• Provide a simple interface to serialise and deserialise while avoiding reflection

Here are some example scenarios:

Retrieving an Embedded object, or Series of Objects from a Large JSON Structure

Let’s say you have a large JSON object that contains among other things, 1 or more embedded objects of the following structure:

"simpleObject": {
  "name": "Simple Object",
  "count": 1

You can retrieve all instances of these objects with the following code:

    byte[] largeJson = GetLargeJson();
    var parser = new JsonObjectParser();

    Json.Parse(parser, new MemoryStream(largeJson), "simpleObject");
    var embeddedObjects = parser.Objects;

We’ve provided a large JSON structure in byte-format, and instructed the API to retrieve all embedded objects called “simpleObject”. The Parse method contains a reference to JsonObjectParser. This is one of two types of parser. Its counterpart is JsonArrayParser. You can alternate between the two depending on the nature of the JSON you’re parsing, whether it be object or array.

Serialising an Object without Reflection

Traditional serialisation techniques that leverage custom Attributes involve Reflection. This comes with a performance overhead. While this may be nominal, we can avoid it altogether to serialise our objects. The API provides a way to achieve this through the IHaveSerialisableProperties interface. The following object extends this interface and explicitly exposes serialisation metadata:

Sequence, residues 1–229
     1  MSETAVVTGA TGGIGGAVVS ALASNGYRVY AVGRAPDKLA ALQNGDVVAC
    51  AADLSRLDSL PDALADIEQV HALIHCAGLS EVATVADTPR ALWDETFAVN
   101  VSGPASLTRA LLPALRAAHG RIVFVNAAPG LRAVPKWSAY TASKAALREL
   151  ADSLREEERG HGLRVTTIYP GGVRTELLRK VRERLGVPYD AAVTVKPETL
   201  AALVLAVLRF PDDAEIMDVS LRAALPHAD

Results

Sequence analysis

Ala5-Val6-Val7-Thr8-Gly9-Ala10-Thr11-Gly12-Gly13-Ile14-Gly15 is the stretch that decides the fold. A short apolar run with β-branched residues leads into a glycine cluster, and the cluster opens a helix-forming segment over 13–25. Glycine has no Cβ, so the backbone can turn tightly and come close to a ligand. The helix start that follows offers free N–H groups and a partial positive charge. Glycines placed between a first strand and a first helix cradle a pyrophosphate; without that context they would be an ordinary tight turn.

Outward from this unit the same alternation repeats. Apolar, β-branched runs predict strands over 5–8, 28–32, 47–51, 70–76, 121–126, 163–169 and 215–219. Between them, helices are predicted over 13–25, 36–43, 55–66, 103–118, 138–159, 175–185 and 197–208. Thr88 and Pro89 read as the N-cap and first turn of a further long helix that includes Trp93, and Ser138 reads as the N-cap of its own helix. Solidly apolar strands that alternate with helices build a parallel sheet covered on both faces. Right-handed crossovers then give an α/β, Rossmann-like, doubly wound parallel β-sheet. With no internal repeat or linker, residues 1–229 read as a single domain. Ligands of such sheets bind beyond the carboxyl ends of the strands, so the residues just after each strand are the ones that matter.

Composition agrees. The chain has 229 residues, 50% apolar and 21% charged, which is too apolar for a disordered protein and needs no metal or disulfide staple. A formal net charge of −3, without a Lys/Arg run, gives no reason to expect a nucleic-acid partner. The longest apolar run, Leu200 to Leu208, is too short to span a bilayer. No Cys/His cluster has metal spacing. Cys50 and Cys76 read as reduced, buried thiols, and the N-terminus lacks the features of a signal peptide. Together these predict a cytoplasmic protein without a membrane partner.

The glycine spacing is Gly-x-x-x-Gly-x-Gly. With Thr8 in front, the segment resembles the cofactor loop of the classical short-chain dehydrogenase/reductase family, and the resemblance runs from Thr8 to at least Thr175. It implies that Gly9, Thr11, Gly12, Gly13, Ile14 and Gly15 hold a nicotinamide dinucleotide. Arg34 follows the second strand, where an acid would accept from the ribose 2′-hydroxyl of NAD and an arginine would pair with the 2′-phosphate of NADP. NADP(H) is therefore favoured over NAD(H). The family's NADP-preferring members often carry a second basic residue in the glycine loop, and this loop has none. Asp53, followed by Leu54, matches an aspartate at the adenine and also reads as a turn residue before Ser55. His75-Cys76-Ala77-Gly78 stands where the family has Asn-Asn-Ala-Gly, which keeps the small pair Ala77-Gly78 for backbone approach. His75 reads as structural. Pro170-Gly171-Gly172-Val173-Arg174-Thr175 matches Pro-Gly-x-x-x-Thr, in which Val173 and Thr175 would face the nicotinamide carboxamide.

class ComplexArrayObject : IHaveSerialisableProperties {
  public string Name { get; set; }
  public string Description { get; set; }

  public SerialisableProperties GetSerializableProperties() {
    return new SerialisableProperties("complexArrayObject", new List {
      new StringJsonProperty {
        Key = "name",
        Value = Name
      new StringJsonProperty {
        Key = "description",
        Value = Description

Now that the class exposes its serialisation metadata, we can serialise it as follows:

var writer = new BinaryWriter(new MemoryStream(), new UTF8Encoding(false));
var serialisableProperties = myObject.GetSerializableProperties();

using (var serialisor = new StandardJsonSerialisationStrategy(writer)) {
  Json.Serialise(serialisor, new JsonPropertiesSerialisor(serialisableProperties));
  return serialisor.SerialisedObject;

We use a BinaryWriter to serialise the object, and provide its serialiable properties. We use the StandardJsonSerialisationStrategy class to effect the serialisation. This is a Builder class. Its abstraction allows us to modify the serialisation process if necessary. The returned object is serialised to a byte array. The end result is a serialised object, processed without reflection. There is a full suite of BDD specifications included with the API, including some speed tests. Incidentally, the included serialisation speed-test indicates an overall processing time of at least 20, to several hundred times faster than JSON.NET.